|Title||Domain-specific Knowledge Extraction from the Web of Data|
|Year of Publication||2018|
|Keywords||Domain-specific knowledge extraction|
Domain knowledge plays a significant role in powering a number of intelligent applications such as entity recommendation, question answering, data analytics, and knowledge discovery. Recent advances in Artificial Intelligence and Semantic Web communities have contributed to the representation and creation of this domain knowledge in a machine-readable form. This has resulted in a large collection of structured datasets on the Web which is commonly referred to as the Web of data. The Web of data continues to grow rapidly since its inception, which poses a number of challenges in developing intelligent applications that can benefit from its use. Majority of these applications are focused on a particular domain. Hence they can benefit from a relevant portion of the Web of Data. For example, a movie recommendation application predominantly requires knowledge of the movie domain and a biomedical knowledge discovery application predominantly requires relevant knowledge on the genes, proteins, chemicals, disorders and their interactions. Leveraging the entire Web of data is both unnecessary and computationally intensive, and the irrelevant portion can add to the noise which may negatively impact the performance of the application. This motivates the need to identify and extract relevant data for domain-specific applications from the Web of data. Therefore, this dissertation studies the problem of domain-specific knowledge extraction from the Web of data.
The rapid growth of the Web of data takes place in three dimensions: 1) the number of knowledge graphs, 2) the size of the individual knowledge graph, and 3) the domain coverage. For example, the Linked Open Data (LOD), which is a collection of interlinked knowledge graphs on the Web, started with 12 datasets in 2007, and has evolved to more than 1100 datasets in 2017. DBpedia, which is a knowledge graph in the LOD, started with 3 million entities and 400 million relationships in 2012, and now has grown up to 38:3 million entities and 3 billion relationships. As we are interested in domain-specific applications and the domain of interest is already known, we propose to use the domain to restrict/reduce the other two dimensions from the Web of data. Reducing the first dimension requires reducing the number of knowledge graphs by identifying relevant knowledge graphs to the domain. However, this still may results in large knowledge graphs such as DBpedia, Freebase, and YAGO that cover multiple domains including our domain of interest. Hence, it is required to reduce the size of the knowledge graphs by identifying the relevant portion of a large knowledge graph. This leads to two key research problems to address in this dissertation. (1) Can we identify the relevant knowledge graphs that represent a domain? and (2) Can we identify the relevant portion of cross-domain knowledge graphs to represent the domain?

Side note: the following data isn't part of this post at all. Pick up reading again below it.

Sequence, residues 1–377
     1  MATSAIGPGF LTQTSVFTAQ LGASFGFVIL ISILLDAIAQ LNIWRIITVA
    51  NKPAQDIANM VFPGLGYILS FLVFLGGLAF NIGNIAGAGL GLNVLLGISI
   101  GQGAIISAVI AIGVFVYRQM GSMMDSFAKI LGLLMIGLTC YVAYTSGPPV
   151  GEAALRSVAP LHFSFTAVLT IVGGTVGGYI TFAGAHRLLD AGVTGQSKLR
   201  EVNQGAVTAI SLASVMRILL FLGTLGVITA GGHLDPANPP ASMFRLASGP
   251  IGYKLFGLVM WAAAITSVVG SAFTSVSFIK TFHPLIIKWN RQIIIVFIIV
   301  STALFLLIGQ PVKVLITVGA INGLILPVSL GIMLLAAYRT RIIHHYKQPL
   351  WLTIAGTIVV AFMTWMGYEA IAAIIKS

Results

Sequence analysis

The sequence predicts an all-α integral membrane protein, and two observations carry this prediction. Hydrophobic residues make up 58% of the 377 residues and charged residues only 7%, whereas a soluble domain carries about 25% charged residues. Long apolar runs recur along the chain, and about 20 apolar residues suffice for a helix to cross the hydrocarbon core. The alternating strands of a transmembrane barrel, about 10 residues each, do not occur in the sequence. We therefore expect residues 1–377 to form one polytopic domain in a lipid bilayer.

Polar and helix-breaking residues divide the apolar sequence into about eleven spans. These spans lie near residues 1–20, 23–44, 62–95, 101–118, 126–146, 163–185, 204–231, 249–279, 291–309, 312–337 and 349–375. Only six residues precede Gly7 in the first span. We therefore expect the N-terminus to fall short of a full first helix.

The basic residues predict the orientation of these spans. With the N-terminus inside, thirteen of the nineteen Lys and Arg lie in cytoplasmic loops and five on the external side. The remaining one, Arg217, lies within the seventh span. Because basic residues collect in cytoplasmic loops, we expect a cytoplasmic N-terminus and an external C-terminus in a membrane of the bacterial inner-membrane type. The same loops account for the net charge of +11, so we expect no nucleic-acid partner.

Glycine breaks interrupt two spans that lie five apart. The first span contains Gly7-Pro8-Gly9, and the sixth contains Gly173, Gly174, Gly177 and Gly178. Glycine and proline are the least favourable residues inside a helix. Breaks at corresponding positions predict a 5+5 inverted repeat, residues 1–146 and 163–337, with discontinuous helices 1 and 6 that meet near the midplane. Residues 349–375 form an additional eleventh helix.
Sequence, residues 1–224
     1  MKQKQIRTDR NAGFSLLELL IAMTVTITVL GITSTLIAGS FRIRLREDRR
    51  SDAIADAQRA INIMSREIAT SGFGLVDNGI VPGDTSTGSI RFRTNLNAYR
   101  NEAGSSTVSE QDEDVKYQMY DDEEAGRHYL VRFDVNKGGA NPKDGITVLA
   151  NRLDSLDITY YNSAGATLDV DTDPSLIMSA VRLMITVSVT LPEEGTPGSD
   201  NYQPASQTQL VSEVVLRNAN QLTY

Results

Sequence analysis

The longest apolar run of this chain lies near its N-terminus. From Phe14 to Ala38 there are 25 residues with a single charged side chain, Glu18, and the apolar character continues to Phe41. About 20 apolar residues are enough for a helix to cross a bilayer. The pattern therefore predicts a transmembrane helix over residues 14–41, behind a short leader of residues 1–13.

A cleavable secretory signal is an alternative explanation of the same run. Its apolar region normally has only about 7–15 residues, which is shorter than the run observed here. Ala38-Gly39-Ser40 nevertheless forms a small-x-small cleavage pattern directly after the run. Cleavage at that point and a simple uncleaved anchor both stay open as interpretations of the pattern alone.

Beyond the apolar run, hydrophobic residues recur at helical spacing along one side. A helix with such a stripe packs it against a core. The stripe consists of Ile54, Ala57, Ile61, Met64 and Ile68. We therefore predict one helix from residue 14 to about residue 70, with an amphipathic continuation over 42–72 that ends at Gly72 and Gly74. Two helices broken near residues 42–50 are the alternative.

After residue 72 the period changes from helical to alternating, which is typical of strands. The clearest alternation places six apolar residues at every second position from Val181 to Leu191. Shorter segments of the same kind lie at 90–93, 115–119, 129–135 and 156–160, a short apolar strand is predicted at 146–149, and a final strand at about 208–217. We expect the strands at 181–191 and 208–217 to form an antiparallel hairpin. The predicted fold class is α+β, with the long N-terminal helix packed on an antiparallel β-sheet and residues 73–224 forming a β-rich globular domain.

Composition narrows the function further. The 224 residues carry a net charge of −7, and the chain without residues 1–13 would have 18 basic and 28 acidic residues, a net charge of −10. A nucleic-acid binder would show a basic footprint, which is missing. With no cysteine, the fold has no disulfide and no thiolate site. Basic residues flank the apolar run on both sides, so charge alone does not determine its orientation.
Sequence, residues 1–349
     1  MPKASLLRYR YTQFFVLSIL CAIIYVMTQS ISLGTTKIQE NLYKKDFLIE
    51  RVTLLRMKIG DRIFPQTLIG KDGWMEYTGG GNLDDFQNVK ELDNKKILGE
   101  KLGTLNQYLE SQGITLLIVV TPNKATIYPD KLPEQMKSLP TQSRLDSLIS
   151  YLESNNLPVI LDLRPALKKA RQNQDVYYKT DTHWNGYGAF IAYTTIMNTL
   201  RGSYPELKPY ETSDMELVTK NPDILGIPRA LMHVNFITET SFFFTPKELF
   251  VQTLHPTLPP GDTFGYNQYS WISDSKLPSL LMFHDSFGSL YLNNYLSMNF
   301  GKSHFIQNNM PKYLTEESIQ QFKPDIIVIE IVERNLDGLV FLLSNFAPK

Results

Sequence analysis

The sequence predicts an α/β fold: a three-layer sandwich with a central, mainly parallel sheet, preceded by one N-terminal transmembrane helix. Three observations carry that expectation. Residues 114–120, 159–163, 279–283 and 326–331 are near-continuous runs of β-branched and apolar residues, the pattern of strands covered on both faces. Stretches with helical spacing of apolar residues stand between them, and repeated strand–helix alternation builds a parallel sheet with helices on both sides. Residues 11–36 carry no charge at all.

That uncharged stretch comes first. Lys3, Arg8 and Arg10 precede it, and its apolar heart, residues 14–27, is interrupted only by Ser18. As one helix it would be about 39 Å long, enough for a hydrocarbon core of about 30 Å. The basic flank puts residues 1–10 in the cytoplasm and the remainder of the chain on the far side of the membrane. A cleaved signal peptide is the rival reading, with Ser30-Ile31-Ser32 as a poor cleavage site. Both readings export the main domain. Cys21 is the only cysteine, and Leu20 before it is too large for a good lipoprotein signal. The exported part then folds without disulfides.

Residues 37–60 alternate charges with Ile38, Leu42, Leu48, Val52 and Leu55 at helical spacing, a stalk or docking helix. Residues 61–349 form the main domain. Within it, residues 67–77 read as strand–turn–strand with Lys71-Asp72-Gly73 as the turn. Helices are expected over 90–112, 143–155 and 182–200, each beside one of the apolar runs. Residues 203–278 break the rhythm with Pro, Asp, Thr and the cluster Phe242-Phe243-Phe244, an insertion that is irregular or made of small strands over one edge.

A solution to the first problem requires automatically identifying the domain represented by each knowledge graph. This can be challenging for several reasons: 1) Knowledge graphs represent domains at different levels of abstractions and specificity, 2) a single knowledge graph can represent multiple domains (i.e., cross-domain knowledge graphs), and 3) the represented domains by knowledge graphs keep evolving. We propose to use existing crowd-sourced knowledge bases with their schema to automatically identify the domains and show its effectiveness in finding relevant knowledge graphs for specific domains. The challenge in addressing the second issue is the nature of the relationships connecting entities in these knowledge graphs. There are two types of relationships: 1) Hierarchical relationships, and 2) non-hierarchical relationships. While hierarchical relationships connect in-domain and out-of-domain entities using the same relationship type and hence represent uniform semantics, non-hierarchical relationships connect in-domain entities and out-of-domain entities using different relationships, i.e., they capture diverse semantics. We propose both data=driven and knowledge-driven approaches to capture the domain relevancy of both hierarchical and non-hierarchical relationships. The solution encodes human knowledge on the domain specificity as probabilistic statements and infers the most probable explanation which captures the domain specificity of concepts and relationships of the original knowledge graph. We present use cases related to entity recommendation for multiple domains to show the effectiveness in extracting the domain-specific subgraph. The domain-specific subgraphs extracted by our approach were 80% smaller in size in terms of the number of paths compared to the original knowledge graph and resulted in more than tenfold reduction of required computational time for entity recommendation task, yet produced better accuracy. We believe that this work will have major impact in utilizing knowledge graphs for domain-specific applications, especially with the extensive growth in the creation of knowledge graphs.